While Americans are justly concerned about the ongoing humanitarian disaster in Syria, they must be careful whose narrative they accept before deciding what we should do about it. Both sides have been responsible for civilian deaths and torture, but we are only being told one side of the story, and a distorted one at that. Though readily apparent to anyone who wants to look at the facts, the American role in the violence is never clearly spelled out. For instance, famous "humanitarian" Nicholas Kristof has been on the bandwagon arguing for US military intervention. It's only right that the plight of Syrians he is highlighting should be put in proper perspective.
In his latest article, Kristof makes an emotionally powerful appeal for Obama to take in Syrian refugees. However, in doing so he compares the violence in Syria with the Nazi attempt to conquer the Western world. The truth is that the Syrian conflict, though often called a "civil war," is actually a case of a sovereign nation defending itself against an invasion of foreign terrorists sponsored by the US, Saudi Arabia and their allies.
The US government claims the right to topple the government of Syria for its own purposes, regardless of the effect on the civilian population. The claim of "humanitarian intervention" is unjustified either by the facts or international law. The effort is being led by a known al Qaeda affiliate, a fact not well concealed by claims about a mythical "moderate rebel" faction. It makes no sense to blame the resulting carnage on a government that is defending its sovereignty against a ruthless and brutal enemy.
Kristof's implied comparison of Assad to Hitler might be written off as a bad analogy, except that, almost as an afterthought, he chides Obama for not doing "more to end the slaughter." Since taking in more refugees would do nothing to ease the conflict, he must be referring to his previous arguments for a no-fly zone (here and here).
"Establishing a no-fly zone" means attacking the Syrian military. That's an act of war. Since neither we nor any NATO ally has been attacked by Syria, it would constitute another illegal war of aggression, much like Iraq. Vietnam might be a better comparison, since both involve baiting the targeted country, as the US did in the Gulf of Tonkin. There, as in Iraq, we went to war based on lies. Or perhaps Libya is the closest comparison, since the NATO attack on the Libyan people and government forces started with a no-fly zone. Although that war used the legal fig leaf of a UN resolution, a Syrian no-fly zone would not. Having been fooled into supporting one illegal NATO war, Russia and China will not support such a resolution again. If NATO acts unilaterally, it will be even more blatantly illegal than the attack on Libya. The results would be at least as disastrous.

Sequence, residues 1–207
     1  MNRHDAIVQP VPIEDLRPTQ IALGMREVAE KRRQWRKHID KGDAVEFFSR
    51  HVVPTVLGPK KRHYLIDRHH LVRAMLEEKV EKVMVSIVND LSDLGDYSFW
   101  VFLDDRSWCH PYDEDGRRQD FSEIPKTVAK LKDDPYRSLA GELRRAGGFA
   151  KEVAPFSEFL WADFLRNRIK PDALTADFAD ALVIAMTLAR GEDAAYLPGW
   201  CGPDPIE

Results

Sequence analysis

A major difference between Vietnam and Syria is that Russia has combat troops in Syria. An attack could be construed as an attack against Russia, which is legally in the country at the request of the Syrian government. The US recently threatened to do just that when the Syrian Army bombed separatist Kurdish forces, with which US Special Forces were illegally embedded.
Clinton and other neocons seem unconcerned with the possibility of sparking a war with a nuclear-armed power. They are calling for a no-fly zone or even more aggressive actions. Trump would be under intense pressure to abandon his no-regime-change position and do the same. No one in the foreign policy establishment appears willing or able to question the groupthink under which it is operating.
Few in Congress seem to understand that most of the official statements coming from the White House, the Pentagon, the State Department and the intelligence community reflect a distorted, one-sided view of the conflict that ignores the facts, international law and common sense. It's our job to educate them and demand that the government attack the real roots of the terror in Saudi Arabia, Turkey, Israel and Washington itself.
This article originally appeared on the website of Soldiers For Peace International. It may be reproduced, unedited and with attribution, 48 hours after it appears on this site.